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Investigational Drug LAF237 Improved Glycemic Control in Patients with Type 2 Diabetes
"Although most oral antidiabetic agents are initially effective in achieving acceptable glycemic control in patients with type 2 diabetes, control is seldom maintained in the long term, even with combination therapy," explained study author Professor Bo Ahrén of Lund University, Sweden. "The finding that LAF237 can achieve acceptable hemoglobin A1c reduction and maintain it for up to a year is very encouraging."
Several other studies presented during the meeting suggest that LAF237, a member of an innovative class of diabetes treatments known as DPP-4 inhibitors, works to address the insulin/glucose imbalance that is the underlying defect of type 2 diabetes. Researchers reported that LAF237 increases insulin secretion while suppressing the release of glucagon in patients with diabetes. Additionally, researchers in a small study of people with type 2 diabetes concluded that the compound improved function of the insulin-producing beta cells in the pancreas.
LAF237 works in a different manner than other therapies used to treat type 2 diabetes. It increases levels of specific hormones found in the gut (incretin hormones) called glucagon-like peptide (GLP)-1 and gastric inhibitory polypeptide (GIP), by blocking the action of dipeptidyl peptidase (DPP)-4, an enzyme that normally inactivates them. GLP-1 and GIP are secreted from the intestine in response to food and stimulates insulin production by the beta cells of the pancreas. GLP-1 also reduces the secretion of glucagon, a hormone that signals the liver to produce glucose. In this way, LAF237 helps to address the imbalance between insulin supply and demand, one of the underlying causes of type 2 diabetes.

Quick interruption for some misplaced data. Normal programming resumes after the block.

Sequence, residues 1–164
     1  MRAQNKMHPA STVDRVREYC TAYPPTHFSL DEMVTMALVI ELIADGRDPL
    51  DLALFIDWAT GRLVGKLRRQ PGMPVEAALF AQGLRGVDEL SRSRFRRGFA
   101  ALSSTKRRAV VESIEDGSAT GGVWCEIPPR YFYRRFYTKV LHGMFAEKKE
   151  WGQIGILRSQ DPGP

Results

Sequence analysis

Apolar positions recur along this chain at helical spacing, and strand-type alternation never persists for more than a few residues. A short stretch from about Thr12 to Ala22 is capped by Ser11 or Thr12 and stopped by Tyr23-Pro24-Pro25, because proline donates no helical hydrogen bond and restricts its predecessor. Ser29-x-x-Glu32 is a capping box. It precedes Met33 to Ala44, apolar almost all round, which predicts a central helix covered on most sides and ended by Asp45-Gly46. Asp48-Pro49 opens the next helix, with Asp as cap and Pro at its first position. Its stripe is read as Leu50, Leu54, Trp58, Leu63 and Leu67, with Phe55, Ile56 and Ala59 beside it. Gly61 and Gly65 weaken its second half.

Long-term study results
In this phase II study, 42 patients were given oral LAF237 plus metformin once daily and 29 patients received placebo plus metformin. Hemoglobin A1c (HbA1c) levels were measured over the course of 52 weeks. In patients treated with LAF237 plus metformin, the HbA1c levels decreased significantly and those levels were maintained up to 52 weeks. In the patients who continued on metformin alone, glycemia control deteriorated over time. At study end, there was an average difference of 1.1% between the two groups (p LAF237 was found to be well tolerated, with 76.2% of patients in the LAF237 plus metformin arm and 89.7% of patients in the metformin plus placebo arm completing the 52-week investigation. The metformin plus LAF237 group reported a slightly higher percent of patients with at least one adverse event (69%) compared to the metformin plus placebo group (58.6%). However, suspected drug-related adverse events were 4.8% and 6.9% respectively. Four patients in the metformin plus LAF237 group discontinued due to an adverse event. Three patients assigned to receive the combination of metformin plus LAF237, although these events were mild and did not lead to discontinuations.